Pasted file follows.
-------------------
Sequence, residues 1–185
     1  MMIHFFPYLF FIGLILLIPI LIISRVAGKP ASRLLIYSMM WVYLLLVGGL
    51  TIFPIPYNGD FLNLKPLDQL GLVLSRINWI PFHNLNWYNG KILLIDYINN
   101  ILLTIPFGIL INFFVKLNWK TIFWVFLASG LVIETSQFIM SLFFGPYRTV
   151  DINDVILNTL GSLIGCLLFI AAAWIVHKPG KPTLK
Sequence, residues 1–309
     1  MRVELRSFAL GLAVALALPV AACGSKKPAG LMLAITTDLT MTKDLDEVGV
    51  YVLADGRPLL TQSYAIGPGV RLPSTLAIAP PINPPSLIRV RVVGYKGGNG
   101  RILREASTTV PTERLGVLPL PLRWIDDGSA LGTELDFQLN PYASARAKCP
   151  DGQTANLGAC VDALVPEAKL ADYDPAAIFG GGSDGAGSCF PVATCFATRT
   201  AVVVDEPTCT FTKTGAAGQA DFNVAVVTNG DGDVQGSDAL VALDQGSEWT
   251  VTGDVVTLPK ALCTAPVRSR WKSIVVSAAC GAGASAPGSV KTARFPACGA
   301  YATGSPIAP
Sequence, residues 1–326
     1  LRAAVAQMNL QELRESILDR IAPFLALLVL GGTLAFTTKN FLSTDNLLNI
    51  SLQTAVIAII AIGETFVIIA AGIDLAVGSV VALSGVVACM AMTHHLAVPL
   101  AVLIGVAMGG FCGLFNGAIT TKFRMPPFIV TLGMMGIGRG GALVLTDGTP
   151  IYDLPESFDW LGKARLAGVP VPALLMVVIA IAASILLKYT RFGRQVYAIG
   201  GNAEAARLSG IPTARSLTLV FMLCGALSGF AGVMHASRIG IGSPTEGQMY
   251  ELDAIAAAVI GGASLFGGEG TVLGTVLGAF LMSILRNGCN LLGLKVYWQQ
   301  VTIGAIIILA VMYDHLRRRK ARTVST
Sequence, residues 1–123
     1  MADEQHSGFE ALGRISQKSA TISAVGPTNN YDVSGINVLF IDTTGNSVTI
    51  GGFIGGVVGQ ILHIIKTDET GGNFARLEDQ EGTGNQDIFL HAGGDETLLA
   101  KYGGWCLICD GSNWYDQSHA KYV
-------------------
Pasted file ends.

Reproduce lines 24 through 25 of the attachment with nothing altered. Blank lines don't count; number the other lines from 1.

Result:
    51  GGFIGGVVGQ ILHIIKTDET GGNFARLEDQ EGTGNQDIFL HAGGDETLLA
   101  KYGGWCLICD GSNWYDQSHA KYV